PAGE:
In a previous blog we gave you some tips on finding a good home inspector. Today we look at some question to ask prospective home inspectors (you should be interviewing more than one).
How long have you been doing this?
While years of experience doesn't mean everything it will comfort you to know how long your inspector has been inspecting.
How did you learn this business?
Your home inspector does not need to be a structural engineer. The best, and most common, background a home inspector should have is with residential construction and associated trades.
What are your licenses and what insurance do you carry?
Obviously, the more the merrier but you can also go to homeinspection.org's website to see about any required licenses for your particular state.
What's the weirdest thing you've ever seen?
This sounds strange but will tell you whether they even know what they're looking at and how attentive to detail they are.
When will I receive your report?
The best answer here is: a few hours later in your email with color pictures of any issues found. However, some guys still deliver an old-school binder to your Realtor the next day. A quick turnaround is usually a sign that they have been doing this enough that they have developed a reliable process.
Do you get on the roof?
Some inspectors just do a quick visual check from a distance and will leave any further inspection to a Roof Inspector. In general, you want to be very clear about what he does or doesn't do.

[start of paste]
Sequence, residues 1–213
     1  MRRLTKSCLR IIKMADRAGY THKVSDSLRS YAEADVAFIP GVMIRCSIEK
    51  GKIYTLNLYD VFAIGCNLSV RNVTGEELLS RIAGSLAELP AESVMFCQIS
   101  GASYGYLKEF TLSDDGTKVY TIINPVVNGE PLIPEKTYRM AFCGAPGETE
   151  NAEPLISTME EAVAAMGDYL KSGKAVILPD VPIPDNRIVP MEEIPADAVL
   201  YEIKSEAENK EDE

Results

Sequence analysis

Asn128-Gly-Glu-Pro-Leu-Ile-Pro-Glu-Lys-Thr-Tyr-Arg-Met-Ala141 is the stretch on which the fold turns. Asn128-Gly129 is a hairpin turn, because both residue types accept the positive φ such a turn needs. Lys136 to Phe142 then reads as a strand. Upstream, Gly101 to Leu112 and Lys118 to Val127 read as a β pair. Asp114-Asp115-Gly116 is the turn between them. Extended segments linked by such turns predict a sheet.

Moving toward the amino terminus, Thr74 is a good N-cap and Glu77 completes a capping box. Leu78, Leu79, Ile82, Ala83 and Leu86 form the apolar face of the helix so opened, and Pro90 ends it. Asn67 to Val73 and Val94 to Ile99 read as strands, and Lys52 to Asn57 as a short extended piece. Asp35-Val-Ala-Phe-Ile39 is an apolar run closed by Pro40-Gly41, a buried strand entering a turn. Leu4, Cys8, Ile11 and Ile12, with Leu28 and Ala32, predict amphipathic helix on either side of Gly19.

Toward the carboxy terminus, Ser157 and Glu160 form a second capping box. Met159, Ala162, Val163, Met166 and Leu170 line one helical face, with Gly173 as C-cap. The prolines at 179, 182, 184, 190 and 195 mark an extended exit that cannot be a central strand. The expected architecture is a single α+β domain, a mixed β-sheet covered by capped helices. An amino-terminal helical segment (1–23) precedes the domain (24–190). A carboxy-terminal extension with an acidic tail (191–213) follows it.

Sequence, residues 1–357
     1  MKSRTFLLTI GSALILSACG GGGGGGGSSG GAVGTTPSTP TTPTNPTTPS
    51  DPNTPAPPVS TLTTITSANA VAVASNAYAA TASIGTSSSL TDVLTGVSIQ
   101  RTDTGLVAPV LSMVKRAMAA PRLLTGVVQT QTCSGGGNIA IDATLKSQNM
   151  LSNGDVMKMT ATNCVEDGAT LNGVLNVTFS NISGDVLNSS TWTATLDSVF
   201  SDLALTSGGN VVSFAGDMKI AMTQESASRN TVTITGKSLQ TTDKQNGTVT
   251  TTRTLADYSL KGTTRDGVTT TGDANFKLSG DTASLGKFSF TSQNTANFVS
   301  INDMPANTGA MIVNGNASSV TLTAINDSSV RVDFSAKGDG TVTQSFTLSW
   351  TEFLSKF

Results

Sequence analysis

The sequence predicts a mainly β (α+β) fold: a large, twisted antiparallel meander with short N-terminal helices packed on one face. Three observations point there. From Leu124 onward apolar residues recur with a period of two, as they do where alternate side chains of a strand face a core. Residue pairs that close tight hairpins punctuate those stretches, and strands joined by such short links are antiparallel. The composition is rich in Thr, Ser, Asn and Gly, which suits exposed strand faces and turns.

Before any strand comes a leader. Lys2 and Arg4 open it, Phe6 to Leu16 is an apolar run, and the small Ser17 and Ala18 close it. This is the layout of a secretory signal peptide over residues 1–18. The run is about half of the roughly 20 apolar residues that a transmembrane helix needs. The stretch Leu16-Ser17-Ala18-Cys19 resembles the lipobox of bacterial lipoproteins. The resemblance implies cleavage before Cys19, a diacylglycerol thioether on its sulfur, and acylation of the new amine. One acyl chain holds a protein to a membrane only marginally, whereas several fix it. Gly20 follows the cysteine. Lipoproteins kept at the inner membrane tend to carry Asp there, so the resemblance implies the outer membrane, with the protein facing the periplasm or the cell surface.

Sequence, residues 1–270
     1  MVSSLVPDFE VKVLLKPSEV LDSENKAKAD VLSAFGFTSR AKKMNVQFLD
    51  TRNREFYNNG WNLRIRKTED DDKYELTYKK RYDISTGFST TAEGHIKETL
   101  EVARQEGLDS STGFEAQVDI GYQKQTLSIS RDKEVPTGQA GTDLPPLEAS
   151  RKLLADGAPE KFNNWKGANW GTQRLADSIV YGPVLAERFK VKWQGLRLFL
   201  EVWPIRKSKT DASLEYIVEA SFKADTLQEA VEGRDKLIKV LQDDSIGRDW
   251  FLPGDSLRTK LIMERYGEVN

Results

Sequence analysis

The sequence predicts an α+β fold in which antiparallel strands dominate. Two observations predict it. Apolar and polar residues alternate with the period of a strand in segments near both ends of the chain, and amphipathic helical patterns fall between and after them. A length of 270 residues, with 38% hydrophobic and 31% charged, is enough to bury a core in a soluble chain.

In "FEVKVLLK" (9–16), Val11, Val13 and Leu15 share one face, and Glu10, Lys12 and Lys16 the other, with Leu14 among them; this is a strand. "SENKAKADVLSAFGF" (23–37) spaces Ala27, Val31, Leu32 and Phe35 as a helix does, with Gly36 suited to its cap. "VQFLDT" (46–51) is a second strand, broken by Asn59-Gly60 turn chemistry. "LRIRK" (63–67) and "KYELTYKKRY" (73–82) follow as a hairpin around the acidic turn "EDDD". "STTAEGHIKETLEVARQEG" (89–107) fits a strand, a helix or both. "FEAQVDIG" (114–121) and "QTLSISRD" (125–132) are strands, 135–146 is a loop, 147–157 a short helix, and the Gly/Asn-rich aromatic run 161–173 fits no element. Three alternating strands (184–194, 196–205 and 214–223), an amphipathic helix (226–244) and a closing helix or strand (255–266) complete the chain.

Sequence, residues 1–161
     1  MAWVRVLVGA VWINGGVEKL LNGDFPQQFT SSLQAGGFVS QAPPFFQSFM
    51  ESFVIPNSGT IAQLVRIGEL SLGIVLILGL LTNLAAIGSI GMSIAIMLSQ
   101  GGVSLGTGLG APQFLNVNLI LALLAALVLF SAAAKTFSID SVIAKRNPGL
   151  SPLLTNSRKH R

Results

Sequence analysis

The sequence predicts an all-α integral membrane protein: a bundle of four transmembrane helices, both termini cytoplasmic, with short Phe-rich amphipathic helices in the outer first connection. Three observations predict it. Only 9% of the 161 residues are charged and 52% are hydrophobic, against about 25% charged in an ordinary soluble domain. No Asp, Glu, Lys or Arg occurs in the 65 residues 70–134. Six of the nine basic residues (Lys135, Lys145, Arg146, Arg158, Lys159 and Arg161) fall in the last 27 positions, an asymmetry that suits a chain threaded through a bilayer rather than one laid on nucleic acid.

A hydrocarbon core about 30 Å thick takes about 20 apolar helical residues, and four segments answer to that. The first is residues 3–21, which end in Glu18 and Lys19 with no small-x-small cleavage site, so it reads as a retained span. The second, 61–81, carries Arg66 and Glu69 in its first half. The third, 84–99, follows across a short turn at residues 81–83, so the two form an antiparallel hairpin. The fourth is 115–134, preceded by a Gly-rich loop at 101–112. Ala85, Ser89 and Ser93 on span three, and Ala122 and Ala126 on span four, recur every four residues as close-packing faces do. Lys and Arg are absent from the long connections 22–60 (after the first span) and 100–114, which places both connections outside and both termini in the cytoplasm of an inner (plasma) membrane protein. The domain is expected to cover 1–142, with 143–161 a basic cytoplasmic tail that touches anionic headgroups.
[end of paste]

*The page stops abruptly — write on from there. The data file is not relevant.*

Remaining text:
Do you use moisture sensors/Do you do mold detection as well?
Not all do, not a deal killer if they don't unless you suspect an issue. As mentioned above, this is just to get a better idea of what the inspector does or doesn't do.
How familiar are you with this sort of construction?
This question really only applies if you are buying a home that has a different construction method than other houses in your area.
Ask whether the inspector carries errors and omissions insurance. This is sort of like malpractice insurance for an inspector.
Ask if you could see a sample report.
This will give you an idea of what will be in your report. Note the organization, breakdowns, details, and use of nomenclature. A good report is the sign of a good inspector.
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